The team grew bacterial colonies in dishes and then turned down the heat, the pressure and the oxygen. Hyperbaric chambers reduced atmospheric pressure down to just 7 millibar, with many strains perishing as the conditions worsened. (Earth atmospheric pressure is about 1,000 mbar.) S. liquefaciens was able to survive at 7 mbar, freezing temperatures, low oxygen and increased carbon dioxide--just like the conditions on Mars. Interestingly, two known extremophile species did not make it.
In a different study, Schuerger and colleagues looked at thousands of strains of bacteria recovered from core samples drilled 40 to 70 feet into the Siberian permafrost. The thought was that these microbes might survive in a permanently frozen area on Mars that could be an interesting target for future life-hunting missions. Among that sample, six bacterial species--all from the cold-loving genus Carnobacterium--survived Mars-like conditions and continued to grow. That study was published Dec. 24 in the Proceedings of the National Academy of Sciences.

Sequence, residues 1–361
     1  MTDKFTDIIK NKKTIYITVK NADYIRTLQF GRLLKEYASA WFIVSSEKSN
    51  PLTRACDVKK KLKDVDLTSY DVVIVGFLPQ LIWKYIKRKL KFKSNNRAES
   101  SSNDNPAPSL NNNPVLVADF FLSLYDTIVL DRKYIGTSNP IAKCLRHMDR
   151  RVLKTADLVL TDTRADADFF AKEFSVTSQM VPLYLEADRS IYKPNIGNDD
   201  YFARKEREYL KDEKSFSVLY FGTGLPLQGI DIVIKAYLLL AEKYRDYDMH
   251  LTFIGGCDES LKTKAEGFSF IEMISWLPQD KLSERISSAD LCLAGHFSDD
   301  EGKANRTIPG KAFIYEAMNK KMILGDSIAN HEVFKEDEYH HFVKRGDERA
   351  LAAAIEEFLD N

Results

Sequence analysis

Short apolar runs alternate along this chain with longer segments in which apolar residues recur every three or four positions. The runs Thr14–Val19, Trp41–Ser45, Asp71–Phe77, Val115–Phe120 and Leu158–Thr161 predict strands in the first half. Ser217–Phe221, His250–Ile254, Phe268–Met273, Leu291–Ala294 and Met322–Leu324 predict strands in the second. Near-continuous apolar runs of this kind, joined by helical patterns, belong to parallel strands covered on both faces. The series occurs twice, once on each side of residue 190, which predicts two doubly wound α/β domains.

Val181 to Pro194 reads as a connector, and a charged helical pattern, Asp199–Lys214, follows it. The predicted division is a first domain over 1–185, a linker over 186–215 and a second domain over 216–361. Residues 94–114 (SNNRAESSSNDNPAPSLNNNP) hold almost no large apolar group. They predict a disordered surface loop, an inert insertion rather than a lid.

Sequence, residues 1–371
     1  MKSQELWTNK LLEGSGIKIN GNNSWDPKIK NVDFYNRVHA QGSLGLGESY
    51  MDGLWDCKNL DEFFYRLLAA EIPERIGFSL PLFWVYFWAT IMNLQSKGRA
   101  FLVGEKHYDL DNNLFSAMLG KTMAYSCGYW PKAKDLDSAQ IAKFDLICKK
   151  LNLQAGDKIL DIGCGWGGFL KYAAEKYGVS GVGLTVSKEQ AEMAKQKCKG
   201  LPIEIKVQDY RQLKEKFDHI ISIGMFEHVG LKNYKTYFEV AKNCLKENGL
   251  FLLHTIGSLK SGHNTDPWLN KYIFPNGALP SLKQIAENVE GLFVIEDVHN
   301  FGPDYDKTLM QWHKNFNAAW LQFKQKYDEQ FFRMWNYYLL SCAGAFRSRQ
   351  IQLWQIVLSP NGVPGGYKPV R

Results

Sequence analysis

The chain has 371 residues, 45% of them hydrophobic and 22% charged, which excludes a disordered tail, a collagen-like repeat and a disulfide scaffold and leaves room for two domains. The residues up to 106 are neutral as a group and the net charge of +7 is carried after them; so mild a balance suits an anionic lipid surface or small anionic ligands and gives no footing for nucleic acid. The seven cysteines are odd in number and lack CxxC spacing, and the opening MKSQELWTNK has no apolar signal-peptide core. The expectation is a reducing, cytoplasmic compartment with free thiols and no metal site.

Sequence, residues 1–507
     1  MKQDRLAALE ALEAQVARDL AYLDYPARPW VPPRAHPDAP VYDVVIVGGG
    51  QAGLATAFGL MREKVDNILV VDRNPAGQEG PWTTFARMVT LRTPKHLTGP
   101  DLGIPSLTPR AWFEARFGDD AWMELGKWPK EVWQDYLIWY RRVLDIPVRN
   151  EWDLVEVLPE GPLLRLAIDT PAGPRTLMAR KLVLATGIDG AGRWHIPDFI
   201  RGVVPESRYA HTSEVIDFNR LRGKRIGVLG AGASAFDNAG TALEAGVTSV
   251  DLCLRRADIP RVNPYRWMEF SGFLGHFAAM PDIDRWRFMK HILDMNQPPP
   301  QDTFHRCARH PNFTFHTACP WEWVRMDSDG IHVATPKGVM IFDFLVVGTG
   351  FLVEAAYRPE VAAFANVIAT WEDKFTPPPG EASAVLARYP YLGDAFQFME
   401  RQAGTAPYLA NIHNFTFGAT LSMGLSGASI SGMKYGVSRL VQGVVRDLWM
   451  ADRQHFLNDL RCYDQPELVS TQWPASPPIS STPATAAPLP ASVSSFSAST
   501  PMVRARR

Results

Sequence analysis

The studies do not prove that life could grow on Mars, the authors warn. The radiation hazard is one major key that would probably prevent spacecraft stowaways from colonizing Mars. But still, the hardiness of these bacteria--especially one that was not considered an extremophile--is a sign that more work needs to be done to try and answer that question.
How about also testing to see if the bacteria could also survive the vacuum of space for the duration of time that it takes to send a probe to mars? This research is really only relavent if your talking about sending pressurized probes or space craft to mars, and then setting them free to the open atmosphere. Correct me if i'm wrong, but the probes that have been sent thus far are completely exposed to the vacuum of space, and have not yet carried any kind of pressurized cargo.